• It is not permitted that students are absent in this part.

Main courses:

  • Safety procedures are repeated. The review of safety procedures in the intro course and in the main course are held by two different people, which is considered to be an advantage when the same points are rendered slightly differently and it sits better with the students afterwards.
  • Introduction of discrepancy log - in other words spills and other incidents are logged; what happened, which students were involved and which follow-up were given.

Changes and procedures to prevent zoonoses: The following measures were introduced 2007-2009, to reduce the risk of laboratory infection in the course in infection learning:

  • Listeria monocytogenes replaced with Listeria ivanovii (Listeria ivanovii is not human pathogenic).
  • Salmonella Typhimurium replaced with Salmonella diarizonae (S. diarizonae is not human pathogenic).
  • Practical execution of the typing of Salmonella bacteria is not done anymore (now only demonstrated by the instructor).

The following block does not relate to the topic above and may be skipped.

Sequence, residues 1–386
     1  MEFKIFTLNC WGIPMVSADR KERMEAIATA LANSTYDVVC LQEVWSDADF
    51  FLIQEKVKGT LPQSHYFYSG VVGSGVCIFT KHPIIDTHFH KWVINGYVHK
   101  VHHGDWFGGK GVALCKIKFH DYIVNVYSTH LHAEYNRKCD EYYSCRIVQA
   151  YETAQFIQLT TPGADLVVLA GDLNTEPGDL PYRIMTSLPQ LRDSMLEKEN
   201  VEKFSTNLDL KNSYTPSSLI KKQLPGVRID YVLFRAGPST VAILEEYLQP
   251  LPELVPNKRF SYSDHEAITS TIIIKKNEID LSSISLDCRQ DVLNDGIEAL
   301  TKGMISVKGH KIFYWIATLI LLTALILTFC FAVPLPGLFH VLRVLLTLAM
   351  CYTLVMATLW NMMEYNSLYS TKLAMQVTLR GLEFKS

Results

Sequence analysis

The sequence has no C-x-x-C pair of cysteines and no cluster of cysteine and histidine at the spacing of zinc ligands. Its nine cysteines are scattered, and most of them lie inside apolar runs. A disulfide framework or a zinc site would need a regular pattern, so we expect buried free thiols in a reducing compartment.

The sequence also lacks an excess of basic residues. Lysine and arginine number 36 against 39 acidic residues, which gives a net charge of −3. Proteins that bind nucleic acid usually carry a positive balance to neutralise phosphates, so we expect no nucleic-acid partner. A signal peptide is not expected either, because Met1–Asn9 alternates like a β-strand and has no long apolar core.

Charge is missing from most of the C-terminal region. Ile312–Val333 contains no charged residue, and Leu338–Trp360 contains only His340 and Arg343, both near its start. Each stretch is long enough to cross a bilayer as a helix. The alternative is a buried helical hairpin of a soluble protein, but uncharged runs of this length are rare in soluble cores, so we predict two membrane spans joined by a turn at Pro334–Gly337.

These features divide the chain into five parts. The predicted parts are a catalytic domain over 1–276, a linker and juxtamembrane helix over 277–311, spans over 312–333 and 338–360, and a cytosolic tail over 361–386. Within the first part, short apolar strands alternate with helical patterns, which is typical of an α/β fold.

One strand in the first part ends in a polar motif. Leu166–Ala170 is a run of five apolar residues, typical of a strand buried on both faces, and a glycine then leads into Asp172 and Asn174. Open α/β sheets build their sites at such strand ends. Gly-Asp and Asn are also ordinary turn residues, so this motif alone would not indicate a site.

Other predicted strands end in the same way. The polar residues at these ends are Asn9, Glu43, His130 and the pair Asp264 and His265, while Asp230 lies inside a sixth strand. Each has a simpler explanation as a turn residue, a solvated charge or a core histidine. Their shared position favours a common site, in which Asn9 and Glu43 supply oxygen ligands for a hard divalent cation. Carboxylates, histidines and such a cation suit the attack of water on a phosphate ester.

• Streptococcus pneumoniae (human pathogenic, especially for those with weak immune systems) is not used more.
  • Liquid culture has been replaced with Campylobacter sp. (human pathogenic) and we have minimized the use of other types of liquid media (cultures in liquid media involves greater risk for spillage than cultures on solid media).

Students with compromised immune systems or who are pregnant are particularly susceptible to infections, and special care must be taken when working with biological agents. This applies particularly to Listeria monocytogenes, Salmonella pathogenic biovar, and Streptococcus pneumoniae. None of these agents are used further in the courses.

Examiner:
The oral exam is with external sensor.
Examination details: Oral exam: Letter grades